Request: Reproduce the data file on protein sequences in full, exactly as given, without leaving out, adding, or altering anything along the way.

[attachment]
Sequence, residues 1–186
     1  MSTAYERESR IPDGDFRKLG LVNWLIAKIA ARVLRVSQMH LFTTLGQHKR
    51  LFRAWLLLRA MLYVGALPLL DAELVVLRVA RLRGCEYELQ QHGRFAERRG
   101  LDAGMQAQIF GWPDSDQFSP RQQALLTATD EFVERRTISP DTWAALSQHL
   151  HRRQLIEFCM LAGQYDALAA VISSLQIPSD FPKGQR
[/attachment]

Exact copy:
Sequence, residues 1–186
     1  MSTAYERESR IPDGDFRKLG LVNWLIAKIA ARVLRVSQMH LFTTLGQHKR
    51  LFRAWLLLRA MLYVGALPLL DAELVVLRVA RLRGCEYELQ QHGRFAERRG
   101  LDAGMQAQIF GWPDSDQFSP RQQALLTATD EFVERRTISP DTWAALSQHL
   151  HRRQLIEFCM LAGQYDALAA VISSLQIPSD FPKGQR